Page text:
After we saw Amazing Grace, we decided we’d be total fools if we didn’t take advantage of the opportunity to see national treasure, living history, wildly talented musician Mavis Staples perform live for her 80th birthday at the Apollo Theatre. And we weren’t disappointed, of course; in addition to Mavis herself, she was joined by a coterie of other terrific musicians (like Valerie June in that fabulous lime-green number at left). And it was more than a show; in both the songs and the stories Mavis shared, the evening was a testament to the power of music to change hearts, sustain social movements, and bring meaning and purpose to life over eras and generations.
I was listening to this episode of This American Life, “No Fair,” in which a preschool teacher offered her students a “tattle phone” (connected to nothing) to which they could report their many, many instances of unfairness. My colleague with whom I was listening to it laughed and described 311, the number for non-emergency government services in New York City, as our version of the “tattle phone.” So I ended up putting together this little piece about a 311 operator. Enjoy!
Three One One
Hello, and thank you for calling 311 in New York City. We’re here to help, but we cannot help you, not really. You are about to be connected to Lena, a lapsed Catholic who hasn’t talked to her mother in a while and missed her student loan payment last month while wondering if she should go to law school. Can Lena help you? She’ll listen, absently, while sipping an iced marshmallow latte from Dunkin’ Donuts on the corner near her subway stop on Church Avenue. The women who make the drinks there wear hijabs, and it’s Ramadan (alternate side parking regulations will be suspended for Eid al-Fitr; meter regulations remain in effect), and Lena feels badly for them, working all day around the too-sweet cold drinks and the pillowy doughnuts, even though it’s their choice to fast, to remember the less fortunate, like the quiet Chinese man who lives in the subway station and waits for Fatima and Noor to give him the day-old doughnuts every night. Lena worries about him too.
Lena will try to help you. But if this is an emergency, hang up, and dial nine-one-one, and may God have mercy on all of our souls.
I’m going to see the legendary Mavis Staples tonight! We decided to get tickets after we saw Amazing Grace and were bummed we never got to see Aretha Franklin live. In that spirit, I’m throwing back to last month and my reflection on that terrific film. Enjoy, and expect a report on Mavis soon.
This one has a long title; the full title is “Everything from the hive is beneficial./Amazing creatures the Lord made,” which is a direct quote from this article about the event that inspired the poem: an arson in a beehive collective in Texas that killed perhaps half a million bees.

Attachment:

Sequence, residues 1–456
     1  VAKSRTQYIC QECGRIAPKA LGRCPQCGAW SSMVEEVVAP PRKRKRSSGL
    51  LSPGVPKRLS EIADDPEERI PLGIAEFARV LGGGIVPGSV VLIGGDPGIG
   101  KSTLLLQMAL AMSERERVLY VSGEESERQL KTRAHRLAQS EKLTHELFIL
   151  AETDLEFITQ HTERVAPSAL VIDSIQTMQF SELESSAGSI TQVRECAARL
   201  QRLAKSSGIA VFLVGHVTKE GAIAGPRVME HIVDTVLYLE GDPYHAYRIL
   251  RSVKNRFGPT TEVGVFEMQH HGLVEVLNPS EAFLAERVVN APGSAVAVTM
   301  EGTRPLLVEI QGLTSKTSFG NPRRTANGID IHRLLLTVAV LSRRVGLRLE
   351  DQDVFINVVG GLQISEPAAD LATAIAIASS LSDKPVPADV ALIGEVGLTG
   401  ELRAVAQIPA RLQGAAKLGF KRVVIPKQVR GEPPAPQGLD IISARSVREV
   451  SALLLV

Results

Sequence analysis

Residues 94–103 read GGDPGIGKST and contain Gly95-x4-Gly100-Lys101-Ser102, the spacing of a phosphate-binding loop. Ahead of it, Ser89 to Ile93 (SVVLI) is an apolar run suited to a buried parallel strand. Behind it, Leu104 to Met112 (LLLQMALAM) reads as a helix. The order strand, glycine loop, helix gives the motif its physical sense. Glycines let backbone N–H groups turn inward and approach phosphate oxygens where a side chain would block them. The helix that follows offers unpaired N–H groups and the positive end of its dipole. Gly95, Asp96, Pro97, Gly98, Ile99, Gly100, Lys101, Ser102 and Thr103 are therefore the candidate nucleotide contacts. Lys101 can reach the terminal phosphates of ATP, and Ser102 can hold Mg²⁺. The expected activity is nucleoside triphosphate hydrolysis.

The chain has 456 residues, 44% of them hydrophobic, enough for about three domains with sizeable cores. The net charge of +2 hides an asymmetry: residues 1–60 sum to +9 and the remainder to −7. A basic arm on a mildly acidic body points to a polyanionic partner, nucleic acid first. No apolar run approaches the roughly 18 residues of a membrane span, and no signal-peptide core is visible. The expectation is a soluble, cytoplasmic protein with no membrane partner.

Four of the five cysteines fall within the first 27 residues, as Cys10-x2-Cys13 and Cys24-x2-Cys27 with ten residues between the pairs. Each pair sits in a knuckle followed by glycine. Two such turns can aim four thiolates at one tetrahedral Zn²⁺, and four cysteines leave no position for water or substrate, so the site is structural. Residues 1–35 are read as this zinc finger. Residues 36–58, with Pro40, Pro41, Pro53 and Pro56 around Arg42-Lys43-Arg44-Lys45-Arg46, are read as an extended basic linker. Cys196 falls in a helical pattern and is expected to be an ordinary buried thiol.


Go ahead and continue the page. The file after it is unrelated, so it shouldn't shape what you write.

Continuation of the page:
Forgiveness is giving up all hope of having had a better past.
There are people I’ve been trying to forgive for years. How do you forgive someone who’s died, for example? How do you forgive when the scars of a hurt are ones you reckon with daily? Even when I sit down to write, I’m up against the forces that saw my thinking and my creativity as a threat, as something to be tamped down rather than lifted up. When I can forget about those forces, writing is a joy; when they are louder or more forceful than usual, and I have to sit with them for a while, writing is painful, then slowly an act of rebellion that sometimes feels satisfying but just as often feels petulant and insignificant.
So here we are, two weeks after Easter, and we are talking about forgiveness. Two weeks after Jesus rose from the dead, as Jesus is walking around with the marks of crucifixion still on his body, and we return to the words he did not take back after his violent execution. “How often should I forgive my brother?” Peter, ever the asking-for-a-friend type, inquires, and Jesus answers, “Not seven times, but seventy times seven.”
I said to Dakota, “What should I write a story about?”, and he said, “Write about the time Sookie got out.” So, based on the very true story of when I lived in Greenpoint and Sookie escaped for three days, this is “Bartosz and the Cat.”
Bartosz and the Cat
Bartosz was already running late, his paint-spattered boots smacking a staccato beat against the steel plates on the stairs, when he saw the cat, sitting under the stairs, her eyes wide and stupid. He remembered the face and the red collar from the flyer slipped under his door— “Lost Cat,” his daughter Kasia said, in her loud, clear English, “oh, Papa, ktoś stracił kota,” she translated into Polish for him. “Dziewczyna numer cztery.” He only nodded, grunted, “Hmmph.” The girl in number four. Why Cas had rented to an American girl, who could say. Probably she could pay. Greenpoint was getting more expensive by the month and, with one of those Brooklyn girls in, Cas would probably get greedy and see how much more he could charge.
And now her cat was missing. Except it wasn’t, because there it was, sitting under the stairs.
#tbt to my last #FlashFictionFriday, “Les Demoiselles d’Avignon.” If you haven’t read it yet, I’d love for you to check it out!